Here's a view of the FWS office across the parade field that I took from the lift about 30 ft up.
This is the area we've been spraying the last couple of days.
This albatross found a spot in the Doctor's cemetary for a nest.
Tuesday, January 8, 2008
I got back to spraying the verbesina today. It's coming back in as a carpet over many of the areas we did in the fall. We're getting rid of the seed bank at least.
There's a lot more albatrosses here than when I left. The juveniles have come to look for lifetime partners so there's a lot of dancing going on. Sometimes it takes them a few years to find a mate that's good enough for the next 60 years. The older albatrosses are a lot more tolerant of others now since they've found their good nesting spots, so there are a lot fewer fights.
These Black-footed albatross looked like they were in Antarctica yesterday with the sand blowing drifts over them.
Here's the crowded parade field now. Sorry for the dark picture. I'll get a better one when it's sunny.
Monday, January 7, 2008
I only saw one short-tailed albatross today on this island. It's young so it doesn't have the adult plumage yet like the one over on Eastern Island. It will lose its dark feathers on it's head and get gold ones instead. You can check out the adult on one of my earlier posts.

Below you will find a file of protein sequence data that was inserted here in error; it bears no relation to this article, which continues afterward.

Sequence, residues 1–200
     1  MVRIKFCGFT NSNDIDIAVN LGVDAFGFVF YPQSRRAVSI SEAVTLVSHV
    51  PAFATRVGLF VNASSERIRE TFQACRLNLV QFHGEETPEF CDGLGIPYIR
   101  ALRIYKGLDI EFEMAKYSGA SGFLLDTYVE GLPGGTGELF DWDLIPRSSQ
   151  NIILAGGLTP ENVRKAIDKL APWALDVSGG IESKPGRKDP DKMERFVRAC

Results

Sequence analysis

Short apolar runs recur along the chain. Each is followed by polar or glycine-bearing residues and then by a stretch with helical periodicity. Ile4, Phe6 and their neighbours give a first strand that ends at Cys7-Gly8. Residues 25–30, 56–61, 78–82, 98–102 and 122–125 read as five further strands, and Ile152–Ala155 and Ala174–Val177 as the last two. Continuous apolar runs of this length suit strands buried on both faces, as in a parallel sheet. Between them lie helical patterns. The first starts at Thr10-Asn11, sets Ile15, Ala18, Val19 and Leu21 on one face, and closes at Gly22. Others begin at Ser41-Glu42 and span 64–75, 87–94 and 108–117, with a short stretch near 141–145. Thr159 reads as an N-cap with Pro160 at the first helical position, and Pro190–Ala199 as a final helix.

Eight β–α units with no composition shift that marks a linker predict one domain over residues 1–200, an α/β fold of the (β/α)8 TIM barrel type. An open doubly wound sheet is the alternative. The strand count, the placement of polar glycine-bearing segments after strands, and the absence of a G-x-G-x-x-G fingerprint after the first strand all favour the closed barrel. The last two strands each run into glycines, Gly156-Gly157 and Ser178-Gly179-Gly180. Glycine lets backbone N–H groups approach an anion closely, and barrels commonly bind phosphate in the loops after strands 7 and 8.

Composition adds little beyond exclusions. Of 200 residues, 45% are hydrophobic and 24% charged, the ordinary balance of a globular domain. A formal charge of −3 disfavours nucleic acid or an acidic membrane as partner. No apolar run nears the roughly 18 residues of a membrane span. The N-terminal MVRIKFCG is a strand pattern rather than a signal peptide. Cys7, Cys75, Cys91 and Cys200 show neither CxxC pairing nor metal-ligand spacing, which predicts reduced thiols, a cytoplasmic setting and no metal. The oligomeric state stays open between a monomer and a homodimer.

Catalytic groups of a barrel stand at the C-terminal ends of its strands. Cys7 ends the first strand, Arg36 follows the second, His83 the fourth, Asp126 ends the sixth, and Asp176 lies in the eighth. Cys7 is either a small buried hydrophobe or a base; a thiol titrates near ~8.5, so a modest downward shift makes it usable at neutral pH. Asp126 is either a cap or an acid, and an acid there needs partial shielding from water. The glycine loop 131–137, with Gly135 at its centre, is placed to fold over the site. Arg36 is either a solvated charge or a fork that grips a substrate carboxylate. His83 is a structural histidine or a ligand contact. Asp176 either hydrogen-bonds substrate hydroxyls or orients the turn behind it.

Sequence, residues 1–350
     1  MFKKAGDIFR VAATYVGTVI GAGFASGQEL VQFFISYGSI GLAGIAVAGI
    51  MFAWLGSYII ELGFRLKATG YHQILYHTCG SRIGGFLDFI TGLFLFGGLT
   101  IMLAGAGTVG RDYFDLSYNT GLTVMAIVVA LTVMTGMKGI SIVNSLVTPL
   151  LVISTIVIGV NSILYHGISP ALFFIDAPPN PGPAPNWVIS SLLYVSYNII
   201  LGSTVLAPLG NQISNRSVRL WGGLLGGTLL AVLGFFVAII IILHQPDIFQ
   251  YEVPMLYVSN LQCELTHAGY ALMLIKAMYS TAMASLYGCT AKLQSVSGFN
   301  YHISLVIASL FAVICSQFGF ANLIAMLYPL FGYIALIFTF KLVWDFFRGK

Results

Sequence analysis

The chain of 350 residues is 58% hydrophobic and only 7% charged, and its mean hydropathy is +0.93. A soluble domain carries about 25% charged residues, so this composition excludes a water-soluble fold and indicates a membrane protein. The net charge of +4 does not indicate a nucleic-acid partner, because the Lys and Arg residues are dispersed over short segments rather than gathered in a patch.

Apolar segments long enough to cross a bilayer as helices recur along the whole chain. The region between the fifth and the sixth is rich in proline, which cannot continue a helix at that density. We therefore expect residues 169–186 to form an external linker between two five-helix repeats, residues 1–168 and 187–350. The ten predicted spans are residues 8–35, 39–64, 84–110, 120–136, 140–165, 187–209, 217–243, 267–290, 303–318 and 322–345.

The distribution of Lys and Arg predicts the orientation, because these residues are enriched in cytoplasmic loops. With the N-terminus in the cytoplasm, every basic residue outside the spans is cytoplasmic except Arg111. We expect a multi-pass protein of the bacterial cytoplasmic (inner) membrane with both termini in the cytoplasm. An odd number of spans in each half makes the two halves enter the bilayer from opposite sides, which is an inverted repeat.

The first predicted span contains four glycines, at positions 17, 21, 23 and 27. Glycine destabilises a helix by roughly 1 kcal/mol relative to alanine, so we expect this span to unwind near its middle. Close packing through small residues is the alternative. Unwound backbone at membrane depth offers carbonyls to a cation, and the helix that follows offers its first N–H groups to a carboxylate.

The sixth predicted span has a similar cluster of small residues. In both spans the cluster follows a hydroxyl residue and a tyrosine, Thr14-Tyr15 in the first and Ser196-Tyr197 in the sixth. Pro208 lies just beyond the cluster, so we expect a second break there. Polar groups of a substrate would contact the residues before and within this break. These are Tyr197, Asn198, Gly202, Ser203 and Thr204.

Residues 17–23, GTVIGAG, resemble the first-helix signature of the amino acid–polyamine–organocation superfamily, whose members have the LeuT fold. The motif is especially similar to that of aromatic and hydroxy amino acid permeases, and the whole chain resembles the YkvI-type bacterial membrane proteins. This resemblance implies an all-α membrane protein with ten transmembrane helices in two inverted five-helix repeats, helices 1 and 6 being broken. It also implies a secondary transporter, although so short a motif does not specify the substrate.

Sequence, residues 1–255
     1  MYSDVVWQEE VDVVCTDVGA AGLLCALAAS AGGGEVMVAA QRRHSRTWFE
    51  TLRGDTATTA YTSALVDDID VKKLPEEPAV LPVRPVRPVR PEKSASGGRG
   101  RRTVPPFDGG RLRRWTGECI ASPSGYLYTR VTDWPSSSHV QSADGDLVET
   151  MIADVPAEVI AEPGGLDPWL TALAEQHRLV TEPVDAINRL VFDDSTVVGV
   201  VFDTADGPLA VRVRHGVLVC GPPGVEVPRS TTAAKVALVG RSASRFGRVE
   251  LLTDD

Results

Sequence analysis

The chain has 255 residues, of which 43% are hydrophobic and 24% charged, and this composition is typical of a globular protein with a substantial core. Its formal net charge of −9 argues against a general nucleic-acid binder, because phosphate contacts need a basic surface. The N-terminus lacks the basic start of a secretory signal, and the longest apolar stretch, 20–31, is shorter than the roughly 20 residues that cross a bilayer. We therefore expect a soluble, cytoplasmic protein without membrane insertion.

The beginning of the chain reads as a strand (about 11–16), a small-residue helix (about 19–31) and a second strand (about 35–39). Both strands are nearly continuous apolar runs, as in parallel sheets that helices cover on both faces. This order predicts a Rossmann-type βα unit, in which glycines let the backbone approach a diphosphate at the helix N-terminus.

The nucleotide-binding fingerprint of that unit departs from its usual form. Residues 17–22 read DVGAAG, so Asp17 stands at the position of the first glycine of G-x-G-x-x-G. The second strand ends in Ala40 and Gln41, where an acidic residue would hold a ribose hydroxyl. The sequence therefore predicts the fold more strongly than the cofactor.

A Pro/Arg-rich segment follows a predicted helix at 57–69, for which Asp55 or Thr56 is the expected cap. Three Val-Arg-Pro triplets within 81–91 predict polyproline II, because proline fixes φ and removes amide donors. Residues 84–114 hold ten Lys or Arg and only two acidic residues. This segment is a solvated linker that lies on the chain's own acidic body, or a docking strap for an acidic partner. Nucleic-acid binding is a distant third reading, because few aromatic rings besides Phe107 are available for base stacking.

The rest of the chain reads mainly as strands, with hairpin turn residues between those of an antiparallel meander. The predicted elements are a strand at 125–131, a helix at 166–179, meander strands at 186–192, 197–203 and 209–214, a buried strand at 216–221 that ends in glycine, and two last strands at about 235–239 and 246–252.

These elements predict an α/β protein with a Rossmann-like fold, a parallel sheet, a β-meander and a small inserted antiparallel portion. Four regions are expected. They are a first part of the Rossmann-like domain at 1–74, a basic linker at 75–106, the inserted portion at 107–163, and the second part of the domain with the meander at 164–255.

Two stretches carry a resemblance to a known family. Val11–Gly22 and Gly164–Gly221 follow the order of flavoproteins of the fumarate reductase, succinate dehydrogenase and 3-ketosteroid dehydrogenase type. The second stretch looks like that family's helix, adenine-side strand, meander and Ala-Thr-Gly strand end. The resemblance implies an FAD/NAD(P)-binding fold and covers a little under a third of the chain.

This white tern looked like it was almost dead because it was so tired from hanging on to the branch in the strong wind. Greg and I put some bark in front of it as a windbreak so I hope it will get some rest now.
This Laysan albatross is liking the windy day as it flies over Rusty Bucket.
Sunday, January 6, 2008
It's been rainy here so far. That means the verbesina will be sprouting up like crazy soon.
We started our visitor program now and our first group of people came out yesterday. They are teachers and people in a position to educate others about Midway and the other Northwestern Hawaiian Islands. I think they're liking it so far.
We've got 2 short-tailed albatross on the island now. They are both juveniles and are dancing together, so that's a good sign. The one over on Eastern island is still there by itself.
Well I'll leave it there for now and give you a couple of pictures.
This was Minneapolis a couple of weeks ago.
This was Midway this afternoon.